Cooper currently teaches music at Athlos Traditional Academy in Chandler.

Read more about Cooper's research and award in The East Valley Tribune

Heather Beaman,
School of Music
(480) 727-6222

Deborah Sussman

Communications and media specialist, Herberger Institute for Design and the Arts


Poet who mixes mathematics, art to give public reading at ASU

March 9, 2015

Acclaimed poet Lyrae Van Clief-Stefanon will give a public reading from her work at 7 p.m., March 17, in the University Club on Arizona State University's Tempe campus.

Van Clief-Stefanon, an associate professor of English at Cornell University, will read from her poetry collections “Open Interval,” which was a finalist for the 2009 National Book Award, and “Black Swan,” which won the 2001 Cave Canem Poetry Prize. Lyrae Van Clief-Stefanon Download Full Image

The event is part of the MFA Reading Series sponsored by ASU’s creative writing program in the Department of English, as well as the Distinguished Visiting Writer Series hosted by the Virginia G. Piper Center for Creative Writing.

Cynthia Hogue, a professor of English who holds the Maxine and Jonathan Marshall Chair in Modern and Contemporary Poetry at ASU, praised the daring nature of Van Clief-Stefanon's work.

“Few poets evidence the brilliant range and bold experiment that is everywhere richly evident in Lyrae Van Clief-Stefanon's two award-winning collections,” Hogue said. “’Black Swan’ is a moving work of witness, a testament to the resilience of the human spirit coming through – if not overcoming – trauma. ‘Open Interval’ is located at the juncture of poetry and science, a lyric investigation on the part of a black woman of dis/embodiment, thanks to the happy accident of her name coinciding with a category of stars (Lyrae). We are thrilled to welcome Lyrae Van Clief-Stefanon to the ASU campus.”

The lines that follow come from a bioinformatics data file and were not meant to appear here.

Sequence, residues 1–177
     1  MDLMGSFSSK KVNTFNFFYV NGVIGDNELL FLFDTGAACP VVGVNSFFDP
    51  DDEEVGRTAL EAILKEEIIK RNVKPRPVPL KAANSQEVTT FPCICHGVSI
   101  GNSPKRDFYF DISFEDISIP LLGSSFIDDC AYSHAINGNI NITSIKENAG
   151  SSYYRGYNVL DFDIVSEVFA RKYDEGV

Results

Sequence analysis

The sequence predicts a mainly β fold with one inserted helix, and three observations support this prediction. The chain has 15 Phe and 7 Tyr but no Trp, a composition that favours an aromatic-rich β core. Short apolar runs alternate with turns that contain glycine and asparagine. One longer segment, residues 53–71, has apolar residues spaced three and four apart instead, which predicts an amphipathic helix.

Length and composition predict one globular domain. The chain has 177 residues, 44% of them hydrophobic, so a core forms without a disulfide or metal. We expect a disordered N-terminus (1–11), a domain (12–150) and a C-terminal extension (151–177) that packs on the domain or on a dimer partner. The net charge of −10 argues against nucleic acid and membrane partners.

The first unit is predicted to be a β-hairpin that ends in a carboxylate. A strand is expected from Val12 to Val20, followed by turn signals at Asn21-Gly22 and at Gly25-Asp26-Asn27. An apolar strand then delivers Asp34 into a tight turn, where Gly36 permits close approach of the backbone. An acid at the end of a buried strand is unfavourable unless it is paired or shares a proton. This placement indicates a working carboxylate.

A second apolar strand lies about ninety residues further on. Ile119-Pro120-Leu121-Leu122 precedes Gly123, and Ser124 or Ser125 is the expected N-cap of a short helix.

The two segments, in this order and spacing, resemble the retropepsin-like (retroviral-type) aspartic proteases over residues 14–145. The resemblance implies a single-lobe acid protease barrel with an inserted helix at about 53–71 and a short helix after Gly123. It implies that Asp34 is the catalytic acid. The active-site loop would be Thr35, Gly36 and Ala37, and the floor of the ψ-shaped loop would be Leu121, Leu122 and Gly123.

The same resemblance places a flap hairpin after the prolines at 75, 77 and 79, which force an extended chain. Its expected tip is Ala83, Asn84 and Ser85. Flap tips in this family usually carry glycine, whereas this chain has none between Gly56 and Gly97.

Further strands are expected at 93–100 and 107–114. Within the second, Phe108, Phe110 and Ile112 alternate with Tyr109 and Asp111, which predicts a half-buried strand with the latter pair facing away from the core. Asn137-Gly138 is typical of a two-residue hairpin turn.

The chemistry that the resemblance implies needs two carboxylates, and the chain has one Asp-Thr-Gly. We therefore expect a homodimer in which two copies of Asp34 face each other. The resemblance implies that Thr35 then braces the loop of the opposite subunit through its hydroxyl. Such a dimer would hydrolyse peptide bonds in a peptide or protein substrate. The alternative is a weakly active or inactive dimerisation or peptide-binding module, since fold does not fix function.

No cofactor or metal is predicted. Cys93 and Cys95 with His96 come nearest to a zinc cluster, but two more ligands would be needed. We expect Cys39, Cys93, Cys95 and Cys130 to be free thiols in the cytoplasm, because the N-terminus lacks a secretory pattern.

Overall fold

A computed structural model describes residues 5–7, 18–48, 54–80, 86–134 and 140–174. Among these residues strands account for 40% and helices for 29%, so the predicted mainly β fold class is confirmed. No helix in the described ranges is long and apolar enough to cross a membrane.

The title of Van Clief-Stefanon’s book “Open Interval” references a mathematical term for a line with no end points. The concept of the infinite line – visually represented by open brackets – is a theme throughout the book.

Dorothy Chan, a former student of Van Clief-Stefanon’s at Cornell, now enrolled in the Master of Fine Arts in creative writing program at ASU, offered this analysis of the collection: